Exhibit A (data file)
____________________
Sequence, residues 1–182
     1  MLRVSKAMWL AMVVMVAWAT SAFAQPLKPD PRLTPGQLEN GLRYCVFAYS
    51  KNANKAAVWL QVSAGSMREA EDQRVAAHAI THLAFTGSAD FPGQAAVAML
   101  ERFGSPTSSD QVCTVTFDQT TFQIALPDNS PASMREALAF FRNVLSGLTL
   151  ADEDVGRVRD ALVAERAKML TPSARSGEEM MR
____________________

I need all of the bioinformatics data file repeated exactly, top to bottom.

Sequence, residues 1–182
     1  MLRVSKAMWL AMVVMVAWAT SAFAQPLKPD PRLTPGQLEN GLRYCVFAYS
    51  KNANKAAVWL QVSAGSMREA EDQRVAAHAI THLAFTGSAD FPGQAAVAML
   101  ERFGSPTSSD QVCTVTFDQT TFQIALPDNS PASMREALAF FRNVLSGLTL
   151  ADEDVGRVRD ALVAERAKML TPSARSGEEM MR